For instance, think of Amazon. They found a product-consumer gap and solved it by making the product available at the doorsteps of the consumer by just a click of the mouse. So coding and programming can certainly solve problems be it social or the scale of Amazon. A few years down the road technology is literally going to be everywhere no matter what field and coding is preparing our kids for the new tech-savvy world.

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Technology is taking over both hardware as well as software. Platforms like Uber and Airbnb have changed the landscape of others industries drastically. Do you know that the valuation of Airbnb is equal to all the big hotel chains in the world combined? And what is Airbnb? It is literally a website! All thanks to Uber you don’t need to buy a car anymore as it provides you with the comforts of a chauffeur driven car at a much cheaper cost than car maintenance, fuel and driver’s salary. Technology is disrupting the current industry space and things are changing for better. It is like the Industrial Revolution. Hence preparing your girls with the essential skills to thrive in that kind of market is extremely important.

Sounds to me like you are designing the future!

That is the point! Currently, there are so many engineers in the country but where are the jobs? We need to fill the gap between the talent and job opportunities and we are aiming to empower the kids with the skill sets to achieve the same.

How did UNESCO’s policy forum where you were a keynote speaker impact your life?

First of all, since I am a student of public policy, it is something that I always wanted to be a part of and thus it was like a dream come true. To see the number of people who have come together from different parts of the world and know how they are working together to transform the society is definitely exciting. Though it was a little disappointing to see no Indian representation but I hope the dynamics will change very soon.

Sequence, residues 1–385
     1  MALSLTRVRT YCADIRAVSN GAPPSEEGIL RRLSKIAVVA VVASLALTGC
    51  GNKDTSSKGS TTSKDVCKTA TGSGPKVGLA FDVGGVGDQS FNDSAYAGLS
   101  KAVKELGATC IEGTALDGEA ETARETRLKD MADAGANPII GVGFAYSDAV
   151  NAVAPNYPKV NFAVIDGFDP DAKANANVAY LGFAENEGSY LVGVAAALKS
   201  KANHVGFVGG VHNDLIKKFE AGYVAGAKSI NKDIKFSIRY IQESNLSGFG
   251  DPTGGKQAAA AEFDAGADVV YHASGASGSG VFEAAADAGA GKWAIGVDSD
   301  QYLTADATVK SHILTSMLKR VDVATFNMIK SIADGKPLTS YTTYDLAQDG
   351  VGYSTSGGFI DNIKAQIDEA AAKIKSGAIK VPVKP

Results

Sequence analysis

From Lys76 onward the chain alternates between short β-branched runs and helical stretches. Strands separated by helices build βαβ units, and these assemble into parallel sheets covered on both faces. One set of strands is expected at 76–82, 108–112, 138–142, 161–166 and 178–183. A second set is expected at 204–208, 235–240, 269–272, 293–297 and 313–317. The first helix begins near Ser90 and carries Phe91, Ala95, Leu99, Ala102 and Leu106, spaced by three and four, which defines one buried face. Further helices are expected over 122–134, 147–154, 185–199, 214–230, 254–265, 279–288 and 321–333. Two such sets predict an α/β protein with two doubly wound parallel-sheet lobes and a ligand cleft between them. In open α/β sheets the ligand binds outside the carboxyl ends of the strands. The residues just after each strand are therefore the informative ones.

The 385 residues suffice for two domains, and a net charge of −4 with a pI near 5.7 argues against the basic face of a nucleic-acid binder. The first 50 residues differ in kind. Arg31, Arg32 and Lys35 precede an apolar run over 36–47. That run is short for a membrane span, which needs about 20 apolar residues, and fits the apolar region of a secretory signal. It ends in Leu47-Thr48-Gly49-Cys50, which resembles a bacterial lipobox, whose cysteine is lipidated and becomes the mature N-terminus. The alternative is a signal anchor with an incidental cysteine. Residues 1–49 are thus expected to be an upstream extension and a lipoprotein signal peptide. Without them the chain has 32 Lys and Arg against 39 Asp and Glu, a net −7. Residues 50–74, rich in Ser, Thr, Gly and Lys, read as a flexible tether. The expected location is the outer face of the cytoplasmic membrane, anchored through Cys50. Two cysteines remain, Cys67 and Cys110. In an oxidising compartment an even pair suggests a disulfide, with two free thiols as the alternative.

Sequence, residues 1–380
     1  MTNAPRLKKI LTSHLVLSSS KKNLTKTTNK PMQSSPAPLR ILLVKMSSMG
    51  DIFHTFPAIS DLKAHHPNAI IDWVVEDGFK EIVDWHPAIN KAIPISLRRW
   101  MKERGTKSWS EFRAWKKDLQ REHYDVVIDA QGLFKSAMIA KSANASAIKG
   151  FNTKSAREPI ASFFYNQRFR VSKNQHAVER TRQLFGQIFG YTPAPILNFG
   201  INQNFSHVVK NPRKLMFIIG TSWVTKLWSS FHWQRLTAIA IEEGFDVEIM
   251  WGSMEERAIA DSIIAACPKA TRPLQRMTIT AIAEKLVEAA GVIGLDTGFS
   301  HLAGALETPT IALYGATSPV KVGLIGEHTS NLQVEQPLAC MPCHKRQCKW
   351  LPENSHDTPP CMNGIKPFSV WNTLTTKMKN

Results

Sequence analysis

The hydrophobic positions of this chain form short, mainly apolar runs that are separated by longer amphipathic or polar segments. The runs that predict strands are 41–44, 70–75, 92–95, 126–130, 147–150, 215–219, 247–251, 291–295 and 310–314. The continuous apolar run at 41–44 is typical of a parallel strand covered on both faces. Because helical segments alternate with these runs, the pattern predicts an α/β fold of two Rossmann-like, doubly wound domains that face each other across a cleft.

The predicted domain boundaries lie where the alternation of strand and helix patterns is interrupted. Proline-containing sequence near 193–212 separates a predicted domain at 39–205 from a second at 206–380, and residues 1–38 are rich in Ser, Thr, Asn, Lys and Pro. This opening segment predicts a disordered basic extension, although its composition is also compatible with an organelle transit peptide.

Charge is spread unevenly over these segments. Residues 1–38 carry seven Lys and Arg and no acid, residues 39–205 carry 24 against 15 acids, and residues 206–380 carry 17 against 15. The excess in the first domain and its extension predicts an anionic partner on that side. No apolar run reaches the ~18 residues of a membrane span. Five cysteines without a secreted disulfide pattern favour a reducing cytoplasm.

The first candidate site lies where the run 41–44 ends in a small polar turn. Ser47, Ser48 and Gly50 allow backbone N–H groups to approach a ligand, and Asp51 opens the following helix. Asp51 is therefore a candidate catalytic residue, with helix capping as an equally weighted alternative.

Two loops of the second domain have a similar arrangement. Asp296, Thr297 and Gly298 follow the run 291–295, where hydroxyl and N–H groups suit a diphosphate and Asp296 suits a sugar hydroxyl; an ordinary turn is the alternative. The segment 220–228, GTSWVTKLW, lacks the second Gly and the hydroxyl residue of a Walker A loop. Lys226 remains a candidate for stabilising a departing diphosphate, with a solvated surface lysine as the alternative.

Do you think that the Indian educational system requires changes? If yes, what would you like to change?

Yes, the entire system! (Laughs) Although our education system provides with a strong foundation what it lacks is an independent mindset. We need to make education more practical and thus infuse it with more hands-on learning. The teacher-student dynamics need to change and the teacher should transform into more of a facilitator. Secondly, project-based learning is very important. We need to make education more play-oriented. For instance, what we do is we ask our students to identify a social problem and then shoot a movie on it in groups. This helps them grow and learn in multiple dimensions.

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How did your sister code get stronger with robotics? 

I have not been asked these kinds of questions before! Very few people know this but we are actually three sisters and we are all super close. We have always been everything for each other. We have our separate strengths and that is how we have separated our duties. We really believe that as girls our experiences have taught us really differently. Coding has taught us the importance of empowering girls and our bonding helped us bring about that change.

Would you like to share the warmest memory of your childhood along with your sisters?

We were not allowed to watch TV from Monday to Friday evenings and thus during the weekdays whenever our parents went out we’d sneakily watch TV. One of us used to guard the door to send a warning and we used to take turns for that. Three of us always had each other’s back. Whenever we think of our childhood it comes up as one of the fondest memories.